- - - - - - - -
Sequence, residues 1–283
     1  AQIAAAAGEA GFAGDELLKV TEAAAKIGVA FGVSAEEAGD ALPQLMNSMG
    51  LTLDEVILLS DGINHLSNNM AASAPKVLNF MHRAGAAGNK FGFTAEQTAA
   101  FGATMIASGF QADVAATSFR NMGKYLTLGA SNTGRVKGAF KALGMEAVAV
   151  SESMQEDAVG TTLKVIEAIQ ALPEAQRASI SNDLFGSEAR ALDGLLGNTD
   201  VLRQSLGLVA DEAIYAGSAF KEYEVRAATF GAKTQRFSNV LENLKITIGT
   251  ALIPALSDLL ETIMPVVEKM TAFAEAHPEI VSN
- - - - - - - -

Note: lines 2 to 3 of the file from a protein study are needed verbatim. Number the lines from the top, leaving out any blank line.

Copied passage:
     1  AQIAAAAGEA GFAGDELLKV TEAAAKIGVA FGVSAEEAGD ALPQLMNSMG
    51  LTLDEVILLS DGINHLSNNM AASAPKVLNF MHRAGAAGNK FGFTAEQTAA